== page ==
Grieving is loving. Every love has in it the seed of grief. We evolved to love and love always means losing. Grief is as common as love. Like love, it is everywhere, in us and around us, always. Seeing this clearly is essential to healing our grief.
Grief is about losing connection, about losing relationships. In losing these connections we lose a part of what it felt like to be us. “How do I go on being me without you?” Grief is not a passing state of mind. It is not something we “get over.” It is a journey through a wild place in which we experience the pain of losing and how precarious being alive always is.
Grief is a way of honoring those we love. Feeling the pain of loss is a form of respecting the value of what we have lost. Every grief is unique. The grief of losing a parent is different from the grief of losing a child, which is different from the grief of losing a spouse, which is different from the grief of losing sibling. And then there is the grief of losing a marriage, or the grief of losing some part of one’s physical or mental capacity to illness or accident.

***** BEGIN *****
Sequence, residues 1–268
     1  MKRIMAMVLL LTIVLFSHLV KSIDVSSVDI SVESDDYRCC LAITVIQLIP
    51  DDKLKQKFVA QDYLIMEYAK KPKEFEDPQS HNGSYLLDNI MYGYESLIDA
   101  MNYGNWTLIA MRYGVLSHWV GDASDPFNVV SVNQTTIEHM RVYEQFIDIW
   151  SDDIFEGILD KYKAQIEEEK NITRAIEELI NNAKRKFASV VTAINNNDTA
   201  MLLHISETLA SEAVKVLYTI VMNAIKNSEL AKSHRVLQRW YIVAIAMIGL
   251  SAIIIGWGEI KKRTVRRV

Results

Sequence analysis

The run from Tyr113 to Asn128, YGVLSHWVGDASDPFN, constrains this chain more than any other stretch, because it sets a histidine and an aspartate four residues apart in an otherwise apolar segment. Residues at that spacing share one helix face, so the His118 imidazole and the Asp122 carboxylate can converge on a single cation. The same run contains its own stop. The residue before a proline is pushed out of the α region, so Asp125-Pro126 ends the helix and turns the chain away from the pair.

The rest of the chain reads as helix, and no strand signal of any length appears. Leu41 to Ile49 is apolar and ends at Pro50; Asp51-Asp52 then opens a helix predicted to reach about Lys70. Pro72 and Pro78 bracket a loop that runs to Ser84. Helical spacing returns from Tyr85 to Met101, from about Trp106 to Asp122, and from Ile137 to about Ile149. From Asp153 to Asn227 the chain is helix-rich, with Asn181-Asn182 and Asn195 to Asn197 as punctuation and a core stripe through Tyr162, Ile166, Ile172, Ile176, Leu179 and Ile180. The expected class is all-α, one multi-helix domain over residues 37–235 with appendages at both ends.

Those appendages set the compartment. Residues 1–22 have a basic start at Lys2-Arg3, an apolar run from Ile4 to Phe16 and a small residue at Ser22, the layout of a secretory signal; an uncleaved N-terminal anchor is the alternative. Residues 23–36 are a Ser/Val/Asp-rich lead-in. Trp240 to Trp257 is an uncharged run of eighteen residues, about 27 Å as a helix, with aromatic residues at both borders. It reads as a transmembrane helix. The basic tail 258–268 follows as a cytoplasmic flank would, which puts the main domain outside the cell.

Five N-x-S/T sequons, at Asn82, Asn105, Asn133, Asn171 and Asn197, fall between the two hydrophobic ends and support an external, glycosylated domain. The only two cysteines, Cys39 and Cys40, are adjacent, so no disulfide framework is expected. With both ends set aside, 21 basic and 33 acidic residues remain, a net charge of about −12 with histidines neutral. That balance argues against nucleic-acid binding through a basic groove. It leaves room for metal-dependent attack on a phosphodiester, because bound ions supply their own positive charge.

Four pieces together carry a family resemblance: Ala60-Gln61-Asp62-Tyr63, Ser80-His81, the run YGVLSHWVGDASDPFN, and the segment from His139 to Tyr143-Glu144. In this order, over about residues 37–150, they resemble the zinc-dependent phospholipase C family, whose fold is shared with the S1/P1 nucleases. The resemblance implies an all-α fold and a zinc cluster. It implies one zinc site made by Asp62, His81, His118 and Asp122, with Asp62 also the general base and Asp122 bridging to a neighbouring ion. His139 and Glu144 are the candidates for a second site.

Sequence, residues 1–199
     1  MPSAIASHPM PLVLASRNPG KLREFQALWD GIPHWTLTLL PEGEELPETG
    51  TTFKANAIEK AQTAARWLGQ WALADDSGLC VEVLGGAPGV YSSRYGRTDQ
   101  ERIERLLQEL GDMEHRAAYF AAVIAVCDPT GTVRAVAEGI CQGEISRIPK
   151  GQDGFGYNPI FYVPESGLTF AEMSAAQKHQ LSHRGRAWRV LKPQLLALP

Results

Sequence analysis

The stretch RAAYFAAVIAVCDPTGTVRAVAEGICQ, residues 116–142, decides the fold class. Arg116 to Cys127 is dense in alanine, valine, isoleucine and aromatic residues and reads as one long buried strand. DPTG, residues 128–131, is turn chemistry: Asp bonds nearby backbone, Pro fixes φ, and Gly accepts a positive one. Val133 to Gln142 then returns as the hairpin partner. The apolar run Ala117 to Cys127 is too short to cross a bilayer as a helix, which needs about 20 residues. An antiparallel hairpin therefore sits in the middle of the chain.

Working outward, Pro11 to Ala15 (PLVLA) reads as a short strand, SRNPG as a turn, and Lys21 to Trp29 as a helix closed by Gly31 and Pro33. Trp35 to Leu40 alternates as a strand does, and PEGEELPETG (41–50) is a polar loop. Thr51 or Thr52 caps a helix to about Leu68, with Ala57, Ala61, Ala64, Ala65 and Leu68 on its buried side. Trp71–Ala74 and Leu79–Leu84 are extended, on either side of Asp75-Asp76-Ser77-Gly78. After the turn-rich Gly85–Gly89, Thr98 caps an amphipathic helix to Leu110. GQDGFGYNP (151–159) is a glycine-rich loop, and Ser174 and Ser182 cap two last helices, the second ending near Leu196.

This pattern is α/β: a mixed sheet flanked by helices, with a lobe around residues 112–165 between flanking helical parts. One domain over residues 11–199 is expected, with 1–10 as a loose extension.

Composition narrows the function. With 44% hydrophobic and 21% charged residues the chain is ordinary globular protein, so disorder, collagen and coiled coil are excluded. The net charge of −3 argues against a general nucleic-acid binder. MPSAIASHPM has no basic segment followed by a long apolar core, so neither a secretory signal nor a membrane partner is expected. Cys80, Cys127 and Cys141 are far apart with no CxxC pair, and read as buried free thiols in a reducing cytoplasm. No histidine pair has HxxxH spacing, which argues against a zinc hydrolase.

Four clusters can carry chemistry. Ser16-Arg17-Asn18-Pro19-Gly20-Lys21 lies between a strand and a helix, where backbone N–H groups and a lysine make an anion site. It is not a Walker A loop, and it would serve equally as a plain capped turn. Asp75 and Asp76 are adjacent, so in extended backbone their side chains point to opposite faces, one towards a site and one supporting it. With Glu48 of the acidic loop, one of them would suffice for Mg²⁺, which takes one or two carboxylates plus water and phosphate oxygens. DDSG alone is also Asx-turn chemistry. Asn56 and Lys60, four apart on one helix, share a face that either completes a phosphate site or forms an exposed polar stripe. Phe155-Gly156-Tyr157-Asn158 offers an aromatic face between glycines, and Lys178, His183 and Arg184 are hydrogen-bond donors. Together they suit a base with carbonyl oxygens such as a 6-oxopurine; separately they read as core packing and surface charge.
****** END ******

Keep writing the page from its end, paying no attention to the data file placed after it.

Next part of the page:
Grief asks us to pay a special kind of attention to our experience of being human, to our suffering and to the possibility of healing. Learning to mindfully integrate our grief into our unfolding development as human beings is the goal of grief therapy.